Posts
    2,604
    Great post GT - I really do think that for "off-road" Wes was the first one using the 700c rim in "modern times". I remember him in CB - early-mid 90's riding his bikes with a ~ 700c x ~35c or so tire on the trails when we had made a trip there. He was involved with a buddy of mine's daughter at the time, so he was visiting our group when we tripped out there from So Cal. Also spent some time watching him rail those same tires in Moab a few months later. While it took someone with the ability to produce a "real" MTB tire (WTB) and the "push" came from GF (who I also agree is likely the most responsible for getting the mass market attention and having the name and charisma to get a lot of the product design/production done) it was a few smaller builders, mainly in CO that started this thing. A big "Thanks" to those guys!!!
    R.I.P. Corky 10/97-4/09
    Disclaimer: I sell and repair bikes for a living


  14. #14
    mtbr member
    Reputation:
    Join Date
    Dec 2005
    Posts
    42
    Another error in that article is the statement that the Diamondback Overdrive came with a straight-bladed fork.... Well the one I have and presently use as a daily commuter came with the original fork and it is curved, not straight.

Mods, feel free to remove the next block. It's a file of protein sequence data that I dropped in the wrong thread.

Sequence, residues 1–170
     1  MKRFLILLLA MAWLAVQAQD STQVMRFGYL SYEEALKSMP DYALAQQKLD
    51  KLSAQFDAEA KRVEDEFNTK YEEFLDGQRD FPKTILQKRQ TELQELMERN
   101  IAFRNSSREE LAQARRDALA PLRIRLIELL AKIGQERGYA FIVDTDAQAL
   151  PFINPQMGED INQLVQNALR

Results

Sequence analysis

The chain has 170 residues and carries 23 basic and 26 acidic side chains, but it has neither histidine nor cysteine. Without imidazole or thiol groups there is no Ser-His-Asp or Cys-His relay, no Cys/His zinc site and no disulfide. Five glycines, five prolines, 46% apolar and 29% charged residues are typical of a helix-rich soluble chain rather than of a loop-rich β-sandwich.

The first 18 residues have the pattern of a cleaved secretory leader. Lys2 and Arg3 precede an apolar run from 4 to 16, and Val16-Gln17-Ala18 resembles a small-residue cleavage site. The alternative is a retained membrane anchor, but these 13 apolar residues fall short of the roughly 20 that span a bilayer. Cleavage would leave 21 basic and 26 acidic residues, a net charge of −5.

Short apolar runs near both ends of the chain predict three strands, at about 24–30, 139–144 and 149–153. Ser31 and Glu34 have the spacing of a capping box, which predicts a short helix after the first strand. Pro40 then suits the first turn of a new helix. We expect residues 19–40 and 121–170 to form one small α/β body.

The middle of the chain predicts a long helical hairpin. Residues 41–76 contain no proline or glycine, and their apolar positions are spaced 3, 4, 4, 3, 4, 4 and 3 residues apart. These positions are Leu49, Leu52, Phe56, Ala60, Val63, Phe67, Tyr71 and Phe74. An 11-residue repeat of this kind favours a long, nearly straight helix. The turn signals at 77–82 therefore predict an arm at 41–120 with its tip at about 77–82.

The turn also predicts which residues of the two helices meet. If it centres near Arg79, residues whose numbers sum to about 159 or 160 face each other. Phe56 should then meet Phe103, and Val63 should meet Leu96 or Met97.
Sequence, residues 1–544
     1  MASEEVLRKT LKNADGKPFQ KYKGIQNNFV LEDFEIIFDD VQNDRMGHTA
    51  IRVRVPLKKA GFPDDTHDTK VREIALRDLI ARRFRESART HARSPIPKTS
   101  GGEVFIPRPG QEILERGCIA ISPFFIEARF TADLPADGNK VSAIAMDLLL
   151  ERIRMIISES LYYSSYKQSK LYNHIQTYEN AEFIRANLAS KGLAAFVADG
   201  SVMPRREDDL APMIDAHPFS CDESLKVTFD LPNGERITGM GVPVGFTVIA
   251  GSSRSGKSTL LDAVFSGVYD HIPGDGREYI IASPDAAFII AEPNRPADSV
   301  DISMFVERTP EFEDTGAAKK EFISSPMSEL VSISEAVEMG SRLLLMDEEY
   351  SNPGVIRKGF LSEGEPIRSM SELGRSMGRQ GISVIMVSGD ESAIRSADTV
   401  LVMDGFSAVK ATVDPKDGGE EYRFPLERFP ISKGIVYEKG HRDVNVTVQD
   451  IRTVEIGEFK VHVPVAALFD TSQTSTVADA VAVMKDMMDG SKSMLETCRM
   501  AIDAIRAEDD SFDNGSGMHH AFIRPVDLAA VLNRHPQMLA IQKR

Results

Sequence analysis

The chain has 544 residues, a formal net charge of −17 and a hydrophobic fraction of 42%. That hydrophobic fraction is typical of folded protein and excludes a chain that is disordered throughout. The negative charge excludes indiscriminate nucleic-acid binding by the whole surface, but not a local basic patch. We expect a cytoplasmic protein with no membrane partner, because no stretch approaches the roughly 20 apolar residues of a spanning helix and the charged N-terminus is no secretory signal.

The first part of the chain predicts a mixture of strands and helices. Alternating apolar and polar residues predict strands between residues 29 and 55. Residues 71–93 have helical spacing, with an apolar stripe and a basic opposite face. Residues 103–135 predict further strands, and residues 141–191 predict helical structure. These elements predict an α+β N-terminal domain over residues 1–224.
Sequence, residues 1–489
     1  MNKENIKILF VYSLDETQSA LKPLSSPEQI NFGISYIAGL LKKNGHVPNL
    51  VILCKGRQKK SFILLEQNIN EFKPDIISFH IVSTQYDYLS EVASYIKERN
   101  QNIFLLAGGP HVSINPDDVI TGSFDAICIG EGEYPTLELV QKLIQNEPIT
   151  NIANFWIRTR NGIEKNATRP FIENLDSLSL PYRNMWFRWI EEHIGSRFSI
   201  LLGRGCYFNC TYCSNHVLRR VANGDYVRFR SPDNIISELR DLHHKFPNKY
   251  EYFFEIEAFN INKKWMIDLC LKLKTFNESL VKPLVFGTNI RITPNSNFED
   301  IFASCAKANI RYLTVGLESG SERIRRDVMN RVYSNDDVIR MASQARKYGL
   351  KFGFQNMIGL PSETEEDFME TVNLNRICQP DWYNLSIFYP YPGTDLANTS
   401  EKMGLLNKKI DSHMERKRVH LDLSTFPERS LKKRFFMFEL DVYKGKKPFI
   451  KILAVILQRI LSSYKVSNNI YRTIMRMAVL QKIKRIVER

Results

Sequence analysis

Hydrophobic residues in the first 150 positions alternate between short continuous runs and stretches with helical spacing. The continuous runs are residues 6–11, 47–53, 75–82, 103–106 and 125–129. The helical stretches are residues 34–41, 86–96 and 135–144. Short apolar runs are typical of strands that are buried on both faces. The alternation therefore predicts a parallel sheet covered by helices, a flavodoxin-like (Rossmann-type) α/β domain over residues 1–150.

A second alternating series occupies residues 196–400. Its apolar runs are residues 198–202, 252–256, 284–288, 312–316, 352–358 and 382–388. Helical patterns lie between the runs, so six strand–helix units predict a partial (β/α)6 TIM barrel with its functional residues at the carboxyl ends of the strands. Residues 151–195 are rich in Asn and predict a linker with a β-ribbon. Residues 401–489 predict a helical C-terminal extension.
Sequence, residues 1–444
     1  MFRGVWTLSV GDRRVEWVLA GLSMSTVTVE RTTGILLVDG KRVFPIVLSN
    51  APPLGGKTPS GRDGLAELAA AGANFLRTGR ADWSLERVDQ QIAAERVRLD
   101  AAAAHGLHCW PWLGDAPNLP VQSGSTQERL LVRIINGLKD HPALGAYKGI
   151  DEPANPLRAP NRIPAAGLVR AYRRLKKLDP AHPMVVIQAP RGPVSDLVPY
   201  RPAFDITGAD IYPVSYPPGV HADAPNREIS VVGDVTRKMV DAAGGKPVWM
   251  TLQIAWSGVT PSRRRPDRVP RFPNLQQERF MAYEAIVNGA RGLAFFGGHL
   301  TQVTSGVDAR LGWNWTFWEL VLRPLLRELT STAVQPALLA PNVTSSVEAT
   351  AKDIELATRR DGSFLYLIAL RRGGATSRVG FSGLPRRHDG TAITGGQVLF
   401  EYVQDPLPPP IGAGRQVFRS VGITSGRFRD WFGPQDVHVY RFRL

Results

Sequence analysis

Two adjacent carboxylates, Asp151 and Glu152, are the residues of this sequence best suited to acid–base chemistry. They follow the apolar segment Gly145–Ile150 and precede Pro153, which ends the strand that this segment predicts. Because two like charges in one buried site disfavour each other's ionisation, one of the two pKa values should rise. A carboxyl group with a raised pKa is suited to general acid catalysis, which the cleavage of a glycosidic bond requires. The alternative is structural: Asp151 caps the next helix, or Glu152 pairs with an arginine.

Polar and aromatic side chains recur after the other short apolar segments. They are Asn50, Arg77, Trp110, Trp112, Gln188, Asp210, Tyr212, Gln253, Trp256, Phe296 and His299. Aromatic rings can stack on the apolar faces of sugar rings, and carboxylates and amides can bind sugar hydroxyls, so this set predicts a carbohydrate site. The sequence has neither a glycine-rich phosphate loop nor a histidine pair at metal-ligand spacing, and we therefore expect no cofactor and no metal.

Before I got my KM, I rode the Diamondback with Nanos on dirt for a few years and there was *barely* enough clearance, depending largely on which rim they were mounted to. I even considered crimping the stays to get a little more celarance, but never did.

    It rode alright, but I always felt the fork, which looked more like a unicrown touring fork, was way too flexy for serious dirt riding. This opinion is also at odds with the article.

  15. #15
    mtbr member
    Reputation: jonw9's Avatar
    Join Date
    Jun 2009
    Posts
    748
    Does anybody have a title or link to the thesis from Berkeley referenced in the article?

Members who have read this thread: 0

Posting Permissions

  • You may not post new threads
  • You may not post replies
  • You may not post attachments
  • You may not edit your posts
  •  

THE SITE

ABOUT MTBR

VISIT US AT

© Copyright 2019 VerticalScope Inc. All rights reserved.